From Berlin to Bangalore, backyard-deprived urban dwellers are using every spare inch of space to grow gardens on terraces and rooftops while others are pooling talents and resources to set up and manage community gardens.
Set Up Your Space
Before you can think about planting, you have to consider how much room and light you have. This will determine what kind of container can house your garden, and help you decide what kind of plants you can grow.
Some are lucky enough to have a little outdoor space, but the rest of us will have to make do. Here are a few creative suggestions for saving space - and your wallet.
Get The Stuff You’ll Need
You really don’t need all that much. Basically, a planter of some kind – be it a pottery or wood container – some soil, and depending on what you want to plant, some seedlings, plants or seeds and possibly some fertiliser. Talk to your local plant nursery specialist and tell them your goals – they’ll help you select what you need – or check useful sites like this for extra tips.
Learn Basic Gardening Terms
First, you need to know a wee bit about different kinds of plants to buy. These terms are the most basic ones to familiarise yourself with:
Annuals These plants complete their lifespan in a single season, then may need to be replanted. A “Hardy Annual” is set outdoors in spring, for example, and may lie dormant during winter, then revive in the springtime.
Biennials These plants thrive over two seasons. If outside, they’re planted in summer and will produce stems and leaves in season one before flowering the following season.
Climber These are plants like ivy or roses that can attach to an upright structure, such as a trellis, wall, or fence. These are great for balconies.
Hardy A hardy plant is one which is not affected by frosts or cold weather.
Perennial A perennial is a non-wood plant that flowers every year, retreating over winter and re-growing the following spring. Geraniums are a good example. These will live for years in a garden or window box.
Select What To Plant
Where you’re planting will determine what you can plant.
For example, these plants can grow with little light, in cool areas:
snapdragons * daisies * parsley * lemon balm * hosta * impatiens * wax begonia
Whereas these plants do well in warm, sunny areas:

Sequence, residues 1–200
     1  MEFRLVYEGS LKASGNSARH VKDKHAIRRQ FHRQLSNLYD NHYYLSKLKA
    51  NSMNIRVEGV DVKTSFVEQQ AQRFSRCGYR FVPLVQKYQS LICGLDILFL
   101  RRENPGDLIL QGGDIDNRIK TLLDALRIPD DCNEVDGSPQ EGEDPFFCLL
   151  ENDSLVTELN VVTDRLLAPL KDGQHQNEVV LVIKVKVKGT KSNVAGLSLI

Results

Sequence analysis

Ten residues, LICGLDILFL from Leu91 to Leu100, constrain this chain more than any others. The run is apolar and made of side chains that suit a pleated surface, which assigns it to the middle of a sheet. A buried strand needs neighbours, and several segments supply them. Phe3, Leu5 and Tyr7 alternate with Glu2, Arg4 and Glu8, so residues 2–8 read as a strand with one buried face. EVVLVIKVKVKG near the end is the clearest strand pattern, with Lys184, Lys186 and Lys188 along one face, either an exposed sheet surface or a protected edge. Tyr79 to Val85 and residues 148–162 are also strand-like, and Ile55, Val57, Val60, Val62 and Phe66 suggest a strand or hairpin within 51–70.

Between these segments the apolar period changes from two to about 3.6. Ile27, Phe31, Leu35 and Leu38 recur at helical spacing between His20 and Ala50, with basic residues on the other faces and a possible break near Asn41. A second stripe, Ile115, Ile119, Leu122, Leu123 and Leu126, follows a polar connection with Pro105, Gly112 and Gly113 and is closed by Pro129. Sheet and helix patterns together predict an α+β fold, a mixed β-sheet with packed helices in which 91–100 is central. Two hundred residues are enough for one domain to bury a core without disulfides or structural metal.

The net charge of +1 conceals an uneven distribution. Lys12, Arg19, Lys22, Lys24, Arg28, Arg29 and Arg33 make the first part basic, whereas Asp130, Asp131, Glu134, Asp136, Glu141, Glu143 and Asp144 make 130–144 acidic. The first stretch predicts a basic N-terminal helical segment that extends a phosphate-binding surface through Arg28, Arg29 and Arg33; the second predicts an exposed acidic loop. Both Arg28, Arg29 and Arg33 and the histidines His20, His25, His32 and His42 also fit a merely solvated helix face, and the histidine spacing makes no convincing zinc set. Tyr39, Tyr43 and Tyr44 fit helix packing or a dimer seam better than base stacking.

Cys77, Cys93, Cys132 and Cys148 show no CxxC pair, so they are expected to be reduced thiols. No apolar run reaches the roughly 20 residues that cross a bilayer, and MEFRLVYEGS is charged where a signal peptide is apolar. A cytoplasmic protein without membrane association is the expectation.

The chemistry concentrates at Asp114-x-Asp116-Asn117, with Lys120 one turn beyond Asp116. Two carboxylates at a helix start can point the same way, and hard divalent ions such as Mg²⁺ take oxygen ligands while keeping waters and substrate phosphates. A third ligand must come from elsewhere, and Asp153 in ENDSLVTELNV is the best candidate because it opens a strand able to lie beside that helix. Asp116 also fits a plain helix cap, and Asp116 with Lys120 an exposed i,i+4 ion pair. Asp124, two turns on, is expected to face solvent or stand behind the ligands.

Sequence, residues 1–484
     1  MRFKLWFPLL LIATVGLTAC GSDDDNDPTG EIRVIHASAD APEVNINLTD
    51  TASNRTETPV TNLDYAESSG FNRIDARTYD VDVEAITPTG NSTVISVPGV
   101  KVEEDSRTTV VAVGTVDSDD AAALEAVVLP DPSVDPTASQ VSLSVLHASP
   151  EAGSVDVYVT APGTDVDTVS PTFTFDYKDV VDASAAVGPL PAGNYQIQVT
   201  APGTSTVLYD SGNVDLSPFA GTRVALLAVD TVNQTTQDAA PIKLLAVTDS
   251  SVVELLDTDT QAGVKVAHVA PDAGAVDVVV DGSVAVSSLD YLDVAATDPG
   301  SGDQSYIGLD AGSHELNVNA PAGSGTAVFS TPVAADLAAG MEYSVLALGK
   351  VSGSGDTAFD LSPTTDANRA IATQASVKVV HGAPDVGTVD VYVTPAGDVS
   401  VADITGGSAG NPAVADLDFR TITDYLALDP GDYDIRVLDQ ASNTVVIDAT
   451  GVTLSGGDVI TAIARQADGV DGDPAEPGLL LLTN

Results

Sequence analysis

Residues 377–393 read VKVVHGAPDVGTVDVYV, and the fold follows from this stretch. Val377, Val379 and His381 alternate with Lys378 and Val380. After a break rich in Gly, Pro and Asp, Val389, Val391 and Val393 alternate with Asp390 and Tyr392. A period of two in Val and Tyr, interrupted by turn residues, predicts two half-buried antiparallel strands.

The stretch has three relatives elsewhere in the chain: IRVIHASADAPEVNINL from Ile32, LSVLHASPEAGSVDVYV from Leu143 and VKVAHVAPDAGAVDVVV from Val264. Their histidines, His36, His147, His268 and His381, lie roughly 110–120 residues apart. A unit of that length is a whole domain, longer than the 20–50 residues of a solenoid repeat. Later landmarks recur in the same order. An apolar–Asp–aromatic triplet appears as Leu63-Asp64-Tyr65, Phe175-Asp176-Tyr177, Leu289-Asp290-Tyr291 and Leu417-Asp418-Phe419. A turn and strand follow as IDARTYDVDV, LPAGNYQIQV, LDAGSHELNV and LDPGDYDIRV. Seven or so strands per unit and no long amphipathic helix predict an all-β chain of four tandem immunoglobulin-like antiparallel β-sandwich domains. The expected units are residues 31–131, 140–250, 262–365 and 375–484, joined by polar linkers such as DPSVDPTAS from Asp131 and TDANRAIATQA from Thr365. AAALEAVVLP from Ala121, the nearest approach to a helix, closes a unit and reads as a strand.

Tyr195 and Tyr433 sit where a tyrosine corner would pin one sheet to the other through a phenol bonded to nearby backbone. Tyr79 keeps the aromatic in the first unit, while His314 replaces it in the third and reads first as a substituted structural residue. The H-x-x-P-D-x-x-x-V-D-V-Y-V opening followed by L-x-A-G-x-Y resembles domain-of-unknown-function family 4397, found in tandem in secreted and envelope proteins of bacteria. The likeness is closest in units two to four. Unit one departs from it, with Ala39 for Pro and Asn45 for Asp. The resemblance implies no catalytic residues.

marigolds * lavender * peppers * rosemary * thyme * jasmine * honeysuckle * tomatoes
Not all plants are the same size, so they won’t all be planted at the same depth. General rule? Plant a bulb or seedling three times as deep as its height – but note that this guideline will vary depending on your soil type and the plant in question. It’s always a good idea to check the guidelines on the plant packaging (if there is any).
Make The Window Box of Your Dreams
You can follow these tips for an outdoor garden of any kind – even the teeniest ‘garden’, the window box! To make a gorgeous box, first ensure it’s safely fastened to something, or is on a ledge that it definitely won’t fall off – it could literally kill someone below it! Also be sure to buy a window box with holes drilled at the bottom for drainage. Determine whether your window is shady or sunny, then:
Add enough compost and good potting soil around the plants so they sit firmly.
Pack in the plant seedlings that are appropriate for the light you have – don’t be afraid to pack them in! More plants look lusher and prettier than a bunch of stragglers, and you can always pull a few out if they get too crowded and replant them elsewhere.
Some great choices that can bloom for ages are geraniums, lavender, mini cedar trees and ivy.
For herbs, try growing sage, chives, thyme, and mint – these are quite hardy. Cilantro, parsley and basil can be more delicate and prone to pests.
Make sure to water and fertilize often – but never, ever overwater! Plants can be saved from under watering, but once they’re over watered, roots rot and the plant dies, even if there are drainage holes.
Just check the soil every other day or so – if you stick your finger in 1 knuckle and it’s dry, it’s time to add a bit of water.
Don’t be afraid to replace plants that have finished blooming with others.
If you leave the box out in winter, fill it with evergreens, flowering cabbage, pansies or violas.